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One of the most common misunderstandings among both clients, and unfortunately many designers, is the difference between Vector and Raster (also known as Bitmap) graphics. This short summary is a reference to our clients as an attempt to articulate the primary differences between these two graphic types and explore the areas where usage of each is most appropriate.

It is worth mentioning in advance, because it is a critical point, that when we refer to Raster and Vector graphics, we are not referring to any particular file format or extension. Though file formats are typically responsible for saving one type of graphic or another, the distinction between Vector and Raster is independent of any assigned extension.

Raster Graphics are the most common graphic format in use on the web and, indeed, on the computer. Raster graphics are composed of pixels, each of which contains specific color information. A single image may be composed of hundreds of thousands of individual pixels. Much like cells revealed from a piece of tissue when seen under a microscope, these pixels are only clearly and individually visible when the image is magnified (Figure 1).

Raster Vector

Making an existing Raster graphic smaller is a process of reduction; pixels are removed from the image until it fits the new size. Computers are well equipped to perform this task. An image can be sized smaller repeatedly and still maintain the same quality, up until the point where there are not enough pixels available to reproduce the image clearly.

To increase the size of a Raster image, the computer must ADD additional information (pixels) to the original image to allow it to fill the new larger area. Since there is no source for this information, it must be interpolated based on what is currently available in the image. Because the computer is not especially skilled at guessing games, Raster images that have been SCALED LARGER are frequently blurry and we cannot use them for sublimation. (Figure 2)

Raster Vector

Vector Graphics are mathematical creations. For this reason, the programs that are used to create them save instructions on how the image should be drawn, rather than how it looks. Instead of being composed of pixels, Vector graphics consist of points, lines, and curves which, when combined, can form complex objects (Figure 3). These objects can be filled with solid colors, gradients, and even patterns.

Raster Vector

Because the computer has a description of how the image should look, it can be redrawn at any size, in any position, without losing any quality. A vector graphic resized to 5 times its original dimensions is simply reproduced, exactly, at the new size. It can also be freely manipulated without losing coherence, like a rubber band that can be stretched an infinite number of ways.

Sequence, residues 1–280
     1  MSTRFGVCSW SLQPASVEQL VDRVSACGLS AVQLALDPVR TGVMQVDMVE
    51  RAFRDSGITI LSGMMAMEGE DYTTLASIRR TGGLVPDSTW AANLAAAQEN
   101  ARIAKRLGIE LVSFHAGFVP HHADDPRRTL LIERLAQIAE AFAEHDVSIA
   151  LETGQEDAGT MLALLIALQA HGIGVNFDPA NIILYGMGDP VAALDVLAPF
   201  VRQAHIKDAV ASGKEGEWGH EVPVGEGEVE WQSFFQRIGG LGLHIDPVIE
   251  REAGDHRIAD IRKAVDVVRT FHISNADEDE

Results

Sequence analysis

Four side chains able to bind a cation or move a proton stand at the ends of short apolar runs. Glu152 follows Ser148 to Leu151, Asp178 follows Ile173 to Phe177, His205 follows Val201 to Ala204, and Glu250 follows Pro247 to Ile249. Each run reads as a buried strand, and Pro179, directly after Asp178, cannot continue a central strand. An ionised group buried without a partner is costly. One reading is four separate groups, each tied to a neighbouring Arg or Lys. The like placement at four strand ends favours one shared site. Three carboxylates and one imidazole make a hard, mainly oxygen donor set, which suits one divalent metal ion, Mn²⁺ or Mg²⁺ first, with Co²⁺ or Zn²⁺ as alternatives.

The price of this scaling flexibility is that Vector images must remain relatively simple in comparison to Raster images. It is impossible to render the nuances of a photographic image in a vector editor; as a result, illustrative vector graphics have a distinct look and feel, even when produced in detail.

Raster Vector

However, Vector graphics are ideal for producing artwork which frequently needs to be presented in different sizes or colors. Logos especially fall into this category. A logo produced with a vector application can be blown up to fit on a billboard or scaled down to adorn a letterhead with no loss of quality (Figure 4).

What are some common Raster editors and file formats?
Adobe Photoshop, Corel PhotoPaint, and Macromedia Fireworks and Paint Shop Pro are just a few of the more popular Raster Editors. Common raster file extensions include: .jpg, .gif, .png, .tff, and .bmp.

What are some common Vector editors and file formats?
Adobe Illustrator, Corel DRAW!, Macromedia Freehand, and Macromedia Flash are the predominate editors on the market. Common universal file formats include .eps and .wmf and .svg. Unlike Raster graphics, it is far more likely to see Vector files delivered in formats unique to the programs which created them. Some popular program specific extensions include .ai (Adobe Illustrator), .cdr (Corel Draw), and .fla/.swf (Macromedia Flash). We use Adobe Illustrator.

If a Raster graphic is pasted into a Vector editor, does it automatically become Vector?
Once a Raster graphic, always a Raster graphic. Although most Vector applications are able to display Raster images as embedded objects (and many applications even include a limited set of tools to manipulate them) their inherent format does not change. The only way to convert a Raster image to a Vector image is to trace the image using either a manual process or automatic program.

The tracing process attempts to duplicate the shapes of a Raster image using Vector lines and curves. When Vector graphics are pasted or imported into Raster editors, however, the opposite is true. The editor converts the vector image to Bitmap as soon as it is brought in. Once a Vector image is converted to Raster image, there is no way to return to the original state. For this reason, Designers keep copies of the original vector artwork when converting an image to a raster file format.